“Predictably Irrational; The Hidden Forces That Shape Our Decisions”, By Dan Ariely

I picked up this book due to its curious title. “Predictably Irrational”, sounded very interesting, even though I had not known about the book or the author Dan Ariely. It turned out to be an amazing book. In a very simple non-preaching style, the author goes on to show us how our behavior and decision-making is irrational and it also can be predicted easily. The book deals with the science of behavioral economics that I had not heard of before but it seems like marketing and advertising companies use it extensively to lure customers to buy their products at unreasonable prices.

The book takes up many different types of factors that affect our decisions as well as our response to situations. I will not be writing about all of them but some of them really stand out. The relativity factor is very visible in all our decision-making once we start to recognize it. We compare everything before making a decision on purchase and more importantly we compare only the easily comparable things and this is used in all the ads that are shown to us. We always get influenced by “Free” and “Sale” symbols without realizing the cost of getting things free.

Whether we believe it or not, our emotions play a great role in decisions that we make. Even though we may hate deadlines but it is a fact that deadlines are crucial to get the work done otherwise the basic human nature is to procrastinate. Of course, there is placebo effect when we are buying something. We judge the value of health care by the price we pay for it.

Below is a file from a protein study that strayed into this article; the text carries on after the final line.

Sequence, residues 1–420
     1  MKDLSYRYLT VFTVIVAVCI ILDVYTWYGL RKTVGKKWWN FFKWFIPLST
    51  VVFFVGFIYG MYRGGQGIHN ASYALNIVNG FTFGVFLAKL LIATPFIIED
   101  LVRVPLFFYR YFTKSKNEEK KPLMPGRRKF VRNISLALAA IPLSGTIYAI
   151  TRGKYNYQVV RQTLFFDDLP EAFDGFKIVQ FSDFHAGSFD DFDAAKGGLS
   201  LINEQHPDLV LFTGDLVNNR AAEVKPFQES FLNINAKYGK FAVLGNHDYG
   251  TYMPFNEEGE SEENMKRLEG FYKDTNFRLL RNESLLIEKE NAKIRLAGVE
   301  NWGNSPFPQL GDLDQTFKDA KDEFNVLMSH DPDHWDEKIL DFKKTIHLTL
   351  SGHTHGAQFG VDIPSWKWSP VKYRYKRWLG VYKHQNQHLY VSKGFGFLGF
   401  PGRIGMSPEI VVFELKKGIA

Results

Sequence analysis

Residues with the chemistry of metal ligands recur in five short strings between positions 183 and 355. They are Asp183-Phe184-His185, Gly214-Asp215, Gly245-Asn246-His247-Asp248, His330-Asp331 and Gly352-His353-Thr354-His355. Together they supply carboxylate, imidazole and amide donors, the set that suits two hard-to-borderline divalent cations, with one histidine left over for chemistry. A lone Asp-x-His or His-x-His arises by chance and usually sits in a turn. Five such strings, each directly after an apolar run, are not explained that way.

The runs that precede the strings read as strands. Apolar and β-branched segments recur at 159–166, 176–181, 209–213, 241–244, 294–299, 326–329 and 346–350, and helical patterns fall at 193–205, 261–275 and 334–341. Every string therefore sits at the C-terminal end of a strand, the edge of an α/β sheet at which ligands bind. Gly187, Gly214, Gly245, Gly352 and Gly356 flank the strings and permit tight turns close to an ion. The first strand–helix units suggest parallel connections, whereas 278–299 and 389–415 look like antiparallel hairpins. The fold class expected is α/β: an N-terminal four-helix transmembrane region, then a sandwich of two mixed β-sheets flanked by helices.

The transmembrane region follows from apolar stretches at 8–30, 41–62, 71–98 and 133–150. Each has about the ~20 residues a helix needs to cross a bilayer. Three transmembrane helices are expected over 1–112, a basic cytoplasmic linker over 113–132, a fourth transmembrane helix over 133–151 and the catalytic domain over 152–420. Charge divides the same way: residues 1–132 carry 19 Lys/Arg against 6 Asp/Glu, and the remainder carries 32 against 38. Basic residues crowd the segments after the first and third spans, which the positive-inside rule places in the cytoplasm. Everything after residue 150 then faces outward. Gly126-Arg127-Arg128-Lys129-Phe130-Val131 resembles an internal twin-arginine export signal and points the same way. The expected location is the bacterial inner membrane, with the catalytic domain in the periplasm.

There are so many examples and experiments that are mentioned in the book to prove the point and that makes it so easy to relate to. This book has opened up a whole new subject for me that is very interesting and key to study of human behavior.


Filed under Non-Fiction, Self-Help

2 responses to ““Predictably Irrational; The Hidden Forces That Shape Our Decisions”, By Dan Ariely

  1. I know what you mean about emotion playing a role in our decisions, for example, I like fudge stripe cookies, but I like the stop&shop version better, for some reason I still have it in my head that the keebler product will be better and pick them up only to bring them back and get the stores version instead
    Great post


    • pkg

      The interesting part is that for most of our decisions we don’t even know that emotions rather than logic is playing its role. We actually justify our emotional decisions by arguing about them based on wrong or projected facts.


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